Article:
COLUMBUS, Kan. — When it comes to food and how it’s produced, many consumers and agricultural producers alike are passionate about agricultural issues. These subjects affect a producer’s way of life and the consumer’s food supply. Some topics such as feeding antibiotics to livestock, humane handling of livestock and genetically modified crops are controversial.
The problem stemming from these issues may be a lack of communication or misinformation between the producer growing the food and the consumer eating it, according to Dale Helwig, agriculture agent with K-State Research and Extension in Cherokee County. To foster a better understanding of these and other topics, the Columbus Chamber of Commerce Ag Committee will host a Rural Agricultural Expo on Sept. 28 from 10 a.m. to 6 p.m. at the Cherokee County 4-H Building located at 124 W. Country Road in Columbus, Kansas. The event is open to anyone interested in learning more about how crops are grown and livestock is raised.
Kansas State University veterinarian, Mike Apley will discuss a recent ruling by the Food and Drug Administration that requires livestock producers to obtain a Veterinary Feed Directive before administering antibiotics to livestock through their feed. The directive has posed some hardship to producers, feed companies and veterinarians but consumers also want to know that their food is safe to eat. Apley, who was appointed to the Presidential Advisory Council on Combating Antibiotic Resistant Bacteria in 2015, will address the current status of the VFD regulation and how judicious use of antibiotics can be safe for consumers and beneficial for livestock producers.
Many consumers are concerned about producers using genetically modified (also called GMO) crops. One that has received attention this year is a variety of soybeans that is now tolerant of the chemical, dicamba. Dicamba is a broadleaf weed killer that is detrimental to soybeans; however, this new variety of soybeans can withstand the chemical—great news for producers as it provides them with another alternative for weed control in their fields, but consumers wonder if the new GMO crops are safe to consume. Harold Trick, professor of plant pathology at Kansas State University, will provide the facts about GMOs and the work being done with them.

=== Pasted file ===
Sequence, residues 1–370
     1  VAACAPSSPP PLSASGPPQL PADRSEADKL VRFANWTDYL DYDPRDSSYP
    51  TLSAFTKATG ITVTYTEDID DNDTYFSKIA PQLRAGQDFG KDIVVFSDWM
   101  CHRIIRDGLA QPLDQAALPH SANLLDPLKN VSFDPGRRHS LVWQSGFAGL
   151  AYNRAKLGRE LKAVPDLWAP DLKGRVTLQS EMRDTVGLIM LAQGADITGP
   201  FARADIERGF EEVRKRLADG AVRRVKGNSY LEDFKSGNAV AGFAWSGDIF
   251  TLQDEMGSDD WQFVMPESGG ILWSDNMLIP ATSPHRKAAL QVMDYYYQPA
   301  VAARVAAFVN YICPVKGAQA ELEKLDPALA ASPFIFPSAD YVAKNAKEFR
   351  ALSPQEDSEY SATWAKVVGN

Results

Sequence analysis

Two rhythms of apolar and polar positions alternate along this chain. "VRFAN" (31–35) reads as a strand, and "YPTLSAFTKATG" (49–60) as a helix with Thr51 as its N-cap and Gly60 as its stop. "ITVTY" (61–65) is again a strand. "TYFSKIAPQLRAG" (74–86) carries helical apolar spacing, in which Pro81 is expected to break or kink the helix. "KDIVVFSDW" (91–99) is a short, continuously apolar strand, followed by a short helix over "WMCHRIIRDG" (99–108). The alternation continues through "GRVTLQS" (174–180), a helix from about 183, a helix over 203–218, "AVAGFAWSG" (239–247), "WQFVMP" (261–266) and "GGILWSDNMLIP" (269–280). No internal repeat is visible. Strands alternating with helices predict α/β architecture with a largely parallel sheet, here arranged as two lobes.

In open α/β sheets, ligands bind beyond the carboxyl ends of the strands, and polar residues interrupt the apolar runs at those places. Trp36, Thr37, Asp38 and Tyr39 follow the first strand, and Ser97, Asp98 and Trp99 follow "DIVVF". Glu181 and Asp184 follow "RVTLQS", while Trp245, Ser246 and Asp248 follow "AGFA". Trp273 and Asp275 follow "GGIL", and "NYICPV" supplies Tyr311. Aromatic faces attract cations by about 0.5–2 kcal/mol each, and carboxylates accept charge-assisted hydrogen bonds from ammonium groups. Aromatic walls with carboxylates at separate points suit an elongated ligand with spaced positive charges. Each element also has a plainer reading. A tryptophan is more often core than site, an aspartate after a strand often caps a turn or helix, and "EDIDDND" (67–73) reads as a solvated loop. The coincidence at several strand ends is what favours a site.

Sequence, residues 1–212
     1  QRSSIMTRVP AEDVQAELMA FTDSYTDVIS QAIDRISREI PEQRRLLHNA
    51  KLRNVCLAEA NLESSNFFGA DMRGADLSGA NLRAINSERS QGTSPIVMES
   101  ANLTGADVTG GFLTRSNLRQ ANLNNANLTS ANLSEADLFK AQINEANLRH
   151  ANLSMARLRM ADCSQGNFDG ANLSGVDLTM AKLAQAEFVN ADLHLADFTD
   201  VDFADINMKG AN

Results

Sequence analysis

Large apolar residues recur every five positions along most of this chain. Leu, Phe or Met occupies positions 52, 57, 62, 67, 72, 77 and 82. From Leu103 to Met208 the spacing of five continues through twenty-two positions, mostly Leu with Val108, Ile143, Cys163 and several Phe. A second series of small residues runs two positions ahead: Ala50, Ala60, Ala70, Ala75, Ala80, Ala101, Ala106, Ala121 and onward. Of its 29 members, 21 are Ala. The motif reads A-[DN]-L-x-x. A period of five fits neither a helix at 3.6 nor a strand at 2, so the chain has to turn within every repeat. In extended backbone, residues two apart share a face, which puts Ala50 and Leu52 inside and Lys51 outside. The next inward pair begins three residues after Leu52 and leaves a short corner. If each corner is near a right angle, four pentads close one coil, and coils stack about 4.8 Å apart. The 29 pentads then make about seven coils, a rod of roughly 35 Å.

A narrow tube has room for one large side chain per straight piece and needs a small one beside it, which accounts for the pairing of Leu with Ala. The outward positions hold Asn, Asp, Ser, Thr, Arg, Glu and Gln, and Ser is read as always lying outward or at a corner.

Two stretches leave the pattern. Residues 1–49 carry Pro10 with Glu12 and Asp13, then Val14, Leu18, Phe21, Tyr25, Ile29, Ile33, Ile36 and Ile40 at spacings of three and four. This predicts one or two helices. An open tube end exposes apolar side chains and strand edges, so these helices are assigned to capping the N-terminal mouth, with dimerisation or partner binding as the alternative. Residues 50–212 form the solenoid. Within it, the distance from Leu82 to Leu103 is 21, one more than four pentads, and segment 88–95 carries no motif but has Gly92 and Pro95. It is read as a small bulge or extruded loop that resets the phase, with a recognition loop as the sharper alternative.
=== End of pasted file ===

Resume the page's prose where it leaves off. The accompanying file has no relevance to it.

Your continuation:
Animal welfare is another hot button topic, Helwig said. Through years of research and improvement, advances have been made in how livestock are handled. One of the newest methods of reducing stress to an animal is the use of a Bud Box System. Reducing stress for the animals improves animal performance, prevents bruising of meat, and improves the health of the animal. Matt Perrier, owner of Dalebanks Angus and advocate of reduced stress handling of livestock, will conduct a live demonstration of the ease and simplicity in which cattle work through the Bud Box system. He will discuss how to make working with animals a more pleasant experience for both the cattle and cattle handler.
Other sessions at the expo include Lucas Nodine discussing Long Term Care and How to Protect Your Assets in the later years of life. Farmers Coop will present Fall Herbicide Options for Producers and Fall Calf Crop Feeding Strategies.
The day will end with the Cherokee County Beekeepers Association giving the Buzz on Bees. Beehive numbers have decreased since 1950, Helwig said.
Protecting our pollinators has become important but managing beehives can be tricky because of pests, diseases, and the use of insecticides. This workshop will be a great opportunity to learn more about this popular pastime.
Multiple vendors will have exhibits at the event.
More information about the Rural Agricultural Expo is available by contacting Helwig at the Cherokee County K-State Research and Extension Office at 620-429-3849.